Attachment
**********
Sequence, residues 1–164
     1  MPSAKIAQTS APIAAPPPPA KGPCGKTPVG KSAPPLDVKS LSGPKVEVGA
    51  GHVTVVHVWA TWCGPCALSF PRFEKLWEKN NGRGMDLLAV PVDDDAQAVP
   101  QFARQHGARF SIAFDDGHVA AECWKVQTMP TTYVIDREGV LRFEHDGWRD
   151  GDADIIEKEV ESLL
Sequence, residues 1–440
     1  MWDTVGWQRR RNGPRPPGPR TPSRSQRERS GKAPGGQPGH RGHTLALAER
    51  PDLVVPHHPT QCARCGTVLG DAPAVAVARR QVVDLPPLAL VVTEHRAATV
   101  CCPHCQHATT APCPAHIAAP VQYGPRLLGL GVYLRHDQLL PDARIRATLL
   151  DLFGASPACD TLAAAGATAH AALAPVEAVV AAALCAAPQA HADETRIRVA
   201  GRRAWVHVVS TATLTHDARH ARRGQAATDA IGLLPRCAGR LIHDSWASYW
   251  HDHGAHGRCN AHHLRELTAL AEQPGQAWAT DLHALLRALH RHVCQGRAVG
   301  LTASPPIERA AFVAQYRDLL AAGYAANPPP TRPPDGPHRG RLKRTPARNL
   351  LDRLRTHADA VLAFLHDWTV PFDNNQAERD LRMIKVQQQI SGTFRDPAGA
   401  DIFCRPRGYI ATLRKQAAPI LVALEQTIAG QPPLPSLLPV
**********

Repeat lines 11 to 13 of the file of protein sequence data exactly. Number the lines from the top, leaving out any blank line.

   201  GRRAWVHVVS TATLTHDARH ARRGQAATDA IGLLPRCAGR LIHDSWASYW
   251  HDHGAHGRCN AHHLRELTAL AEQPGQAWAT DLHALLRALH RHVCQGRAVG
   301  LTASPPIERA AFVAQYRDLL AAGYAANPPP TRPPDGPHRG RLKRTPARNL